NASA salvages Mars mission that should have launched by now

This August 2015 artist's rendering provided by NASA/JPL-Caltech depicts the InSight Mars lander studying the interior of Mars. The spacecraft was scheduled to launch for Mars in March 2016 but NASA said Tuesday, Dec. 22, that managers have suspended the launch because of an air leak in one of two prime science instruments, a seismometer which belongs to the French Space Agency. (NASA/JPL-Caltech via AP)

CAPE CANAVERAL, Fla. (AP) – NASA’s next Mars mission is still alive.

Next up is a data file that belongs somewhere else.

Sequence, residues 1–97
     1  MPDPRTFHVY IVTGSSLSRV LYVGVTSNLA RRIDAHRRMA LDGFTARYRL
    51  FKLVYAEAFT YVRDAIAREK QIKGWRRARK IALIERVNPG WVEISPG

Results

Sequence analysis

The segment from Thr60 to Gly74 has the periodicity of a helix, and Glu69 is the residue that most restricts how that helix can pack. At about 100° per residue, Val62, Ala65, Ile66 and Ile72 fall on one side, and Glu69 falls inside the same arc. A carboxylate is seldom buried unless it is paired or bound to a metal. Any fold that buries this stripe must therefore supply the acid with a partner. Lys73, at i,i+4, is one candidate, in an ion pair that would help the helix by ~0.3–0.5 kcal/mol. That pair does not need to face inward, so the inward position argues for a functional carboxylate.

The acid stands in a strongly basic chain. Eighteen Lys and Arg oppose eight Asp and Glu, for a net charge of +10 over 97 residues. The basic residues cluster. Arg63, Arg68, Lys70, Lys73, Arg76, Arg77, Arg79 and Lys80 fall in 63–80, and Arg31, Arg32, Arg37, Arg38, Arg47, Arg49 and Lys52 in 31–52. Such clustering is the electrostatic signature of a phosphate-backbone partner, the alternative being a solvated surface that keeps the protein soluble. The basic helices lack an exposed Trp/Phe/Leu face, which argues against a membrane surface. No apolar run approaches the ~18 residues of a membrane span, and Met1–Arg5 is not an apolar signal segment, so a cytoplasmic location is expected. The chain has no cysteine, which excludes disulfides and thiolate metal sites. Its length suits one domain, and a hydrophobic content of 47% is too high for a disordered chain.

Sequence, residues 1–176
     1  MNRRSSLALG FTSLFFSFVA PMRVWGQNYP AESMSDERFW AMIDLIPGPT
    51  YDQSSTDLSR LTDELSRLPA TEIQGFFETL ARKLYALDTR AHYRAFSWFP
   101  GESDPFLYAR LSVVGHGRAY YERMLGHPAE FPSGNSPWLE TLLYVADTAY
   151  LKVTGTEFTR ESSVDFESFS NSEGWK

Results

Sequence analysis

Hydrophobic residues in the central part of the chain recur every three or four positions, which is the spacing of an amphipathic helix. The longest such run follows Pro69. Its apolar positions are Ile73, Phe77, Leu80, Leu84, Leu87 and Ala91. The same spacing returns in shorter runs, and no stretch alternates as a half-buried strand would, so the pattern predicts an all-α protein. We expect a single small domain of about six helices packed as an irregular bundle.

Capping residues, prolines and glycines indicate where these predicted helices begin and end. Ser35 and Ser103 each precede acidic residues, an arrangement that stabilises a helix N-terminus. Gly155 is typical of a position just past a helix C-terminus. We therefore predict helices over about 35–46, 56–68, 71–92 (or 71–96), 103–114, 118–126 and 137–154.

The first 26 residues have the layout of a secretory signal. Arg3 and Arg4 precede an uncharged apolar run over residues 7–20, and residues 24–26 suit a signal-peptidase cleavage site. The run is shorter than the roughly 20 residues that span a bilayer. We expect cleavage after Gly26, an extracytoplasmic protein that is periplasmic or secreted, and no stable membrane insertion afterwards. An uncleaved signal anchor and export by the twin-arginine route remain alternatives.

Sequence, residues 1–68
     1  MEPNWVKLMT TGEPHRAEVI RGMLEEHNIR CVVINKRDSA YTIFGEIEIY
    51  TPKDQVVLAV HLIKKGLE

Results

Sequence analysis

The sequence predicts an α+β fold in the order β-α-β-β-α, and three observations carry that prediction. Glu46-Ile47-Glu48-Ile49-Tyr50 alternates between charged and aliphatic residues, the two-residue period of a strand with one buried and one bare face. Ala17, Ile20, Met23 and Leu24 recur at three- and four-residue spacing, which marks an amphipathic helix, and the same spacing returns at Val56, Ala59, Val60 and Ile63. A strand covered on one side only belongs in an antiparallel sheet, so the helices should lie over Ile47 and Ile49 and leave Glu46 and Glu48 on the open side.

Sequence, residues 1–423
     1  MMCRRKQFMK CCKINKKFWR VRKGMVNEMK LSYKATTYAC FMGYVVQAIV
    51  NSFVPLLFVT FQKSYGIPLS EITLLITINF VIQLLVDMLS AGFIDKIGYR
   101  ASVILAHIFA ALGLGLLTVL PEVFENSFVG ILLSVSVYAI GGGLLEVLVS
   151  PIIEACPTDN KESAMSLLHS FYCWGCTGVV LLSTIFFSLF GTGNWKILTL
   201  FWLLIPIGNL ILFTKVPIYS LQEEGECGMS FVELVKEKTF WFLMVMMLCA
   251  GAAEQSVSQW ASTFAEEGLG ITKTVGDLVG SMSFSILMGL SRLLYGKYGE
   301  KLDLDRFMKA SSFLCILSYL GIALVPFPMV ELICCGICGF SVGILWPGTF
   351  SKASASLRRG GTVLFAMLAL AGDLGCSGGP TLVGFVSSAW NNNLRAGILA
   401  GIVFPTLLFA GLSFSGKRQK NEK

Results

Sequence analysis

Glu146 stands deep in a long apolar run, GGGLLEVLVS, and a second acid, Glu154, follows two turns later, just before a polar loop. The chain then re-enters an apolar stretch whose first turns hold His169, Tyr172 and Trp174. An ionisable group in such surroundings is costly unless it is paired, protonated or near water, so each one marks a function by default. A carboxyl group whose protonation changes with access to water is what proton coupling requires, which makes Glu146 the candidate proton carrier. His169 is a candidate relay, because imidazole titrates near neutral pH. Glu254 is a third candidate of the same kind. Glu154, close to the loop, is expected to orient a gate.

The space agency said Wednesday it’s shooting for a 2018 launch of the Mars Insight spacecraft. The robotic lander was supposed to lift off this month, but was grounded in December by a leak in a French instrument. Managers say the instrument should be redesigned in time.

May 2018 represents the next available launch window. Mars windows arise just every two years.

InSight aims to study the interior of Mars. The sensors for the French seismometer need to operate in a vacuum chamber in order to measure subtle ground movements. The vacuum chamber was leaking.

It’s unknown how much the two-year delay will cost. NASA’s only other option was to kill the project.

Europe is launching its own Mars-landing mission Monday from Kazakhstan.

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